The U.S. Court of Appeals for the Sixth Circuit today reversed a decision of the U.S. Tax Court that had upheld a deficiency determination based on application of the “substance-over-form doctrine” by the IRS. The Sixth Circuit found that the IRS had no basis for recharacterizing the transactions at issue because the point of the Code provisions allowing taxpayers to establish domestic international sales corporation (DISC) and Roth IRAs “…is tax avoidance.”
The case is: Summa Holdings, Inc. v. Commissioner, No. 16-1712 (6th Cir. February 16, 2017). Read the Sixth Circuit’s decision [PDF 101 KB]
The taxpayers used a DISC to transfer money from their family-owned company to their sons’ Roth IRAs. Through a series of transactions, the taxpayers transferred over $5 million from the company to the Roth IRAs.
In 2012, the IRS issued notices of deficiency to the taxpayers, and informed the taxpayers that the substance-over-form doctrine would be applied to reclassify the payments (even though it was agreed that the taxpayers had complied with the relevant provisions of the Code). The Tax Court upheld the deficiency determination, and this appeal followed.
The Sixth Circuit today reversed, finding that the IRS had no basis for recharacterizing the transactions because the taxpayers had used the DISC and Roth IRA provisions “…for their congressionally sanctioned purposes—tax avoidance.” As the appeals court noted, the Code allows the taxpayers to do what they did.
It’s one thing to permit the Commissioner to recharacterize the economic substance of a transaction—to honor the fiscal realities of what taxpayers have done over the form in which they have done it. But it’s quite another to permit the Commissioner to recharacterize the meaning of statutes—to ignore their form, their words, in favor of his perception of their substance.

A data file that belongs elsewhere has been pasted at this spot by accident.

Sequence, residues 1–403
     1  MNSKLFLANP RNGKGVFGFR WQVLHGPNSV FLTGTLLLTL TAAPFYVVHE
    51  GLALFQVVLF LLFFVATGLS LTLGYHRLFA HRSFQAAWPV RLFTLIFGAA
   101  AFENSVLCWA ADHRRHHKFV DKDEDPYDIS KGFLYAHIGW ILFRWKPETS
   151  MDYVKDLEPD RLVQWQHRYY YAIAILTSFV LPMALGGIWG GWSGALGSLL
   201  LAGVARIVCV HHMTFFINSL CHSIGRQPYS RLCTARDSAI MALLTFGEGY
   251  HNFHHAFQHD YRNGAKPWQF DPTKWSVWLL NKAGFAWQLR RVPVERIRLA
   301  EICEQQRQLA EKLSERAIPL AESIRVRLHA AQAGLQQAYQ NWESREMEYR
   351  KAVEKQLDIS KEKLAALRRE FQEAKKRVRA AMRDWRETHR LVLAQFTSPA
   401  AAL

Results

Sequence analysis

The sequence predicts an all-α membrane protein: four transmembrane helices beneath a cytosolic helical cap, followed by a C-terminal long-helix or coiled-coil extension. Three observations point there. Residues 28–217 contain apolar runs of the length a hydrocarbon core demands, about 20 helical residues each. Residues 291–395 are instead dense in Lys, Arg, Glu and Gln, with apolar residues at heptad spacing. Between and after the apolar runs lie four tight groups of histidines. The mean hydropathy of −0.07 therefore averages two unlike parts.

The Sixth Circuit stated that application by the IRS of the substance-over-form doctrine makes sense when the taxpayer’s formal characterization of a transaction fails to capture economic reality, and would distort the meaning of the Code. However, the court concluded that the Code authorizes DISC commissions and dividends (regardless of whether they have economic substance) in order to reduce the tax burden of exports, and authorizes investors to avoid significant taxes on capital gains and dividends by using their Roth IRAs “in all manners of tax-avoiding ways.”
© 2018 KPMG LLP, a Delaware limited liability partnership and the U.S. member firm of the KPMG network of independent member firms affiliated with KPMG International Cooperative (“KPMG International”), a Swiss entity. All rights reserved.
The KPMG logo and name are trademarks of KPMG International. KPMG International is a Swiss cooperative that serves as a coordinating entity for a network of independent member firms. KPMG International provides no audit or other client services. Such services are provided solely by member firms in their respective geographic areas. KPMG International and its member firms are legally distinct and separate entities. They are not and nothing contained herein shall be construed to place these entities in the relationship of parents, subsidiaries, agents, partners, or joint venturers. No member firm has any authority (actual, apparent, implied or otherwise) to obligate or bind KPMG International or any member firm in any manner whatsoever. The information contained in herein is of a general nature and is not intended to address the circumstances of any particular individual or entity. Although we endeavor to provide accurate and timely information, there can be no guarantee that such information is accurate as of the date it is received or that it will continue to be accurate in the future. No one should act on such information without appropriate professional advice after a thorough examination of the particular situation. For more information, contact KPMG's Federal Tax Legislative and Regulatory Services Group at: + 1 202 533 4366, 1801 K Street NW, Washington, DC 20006.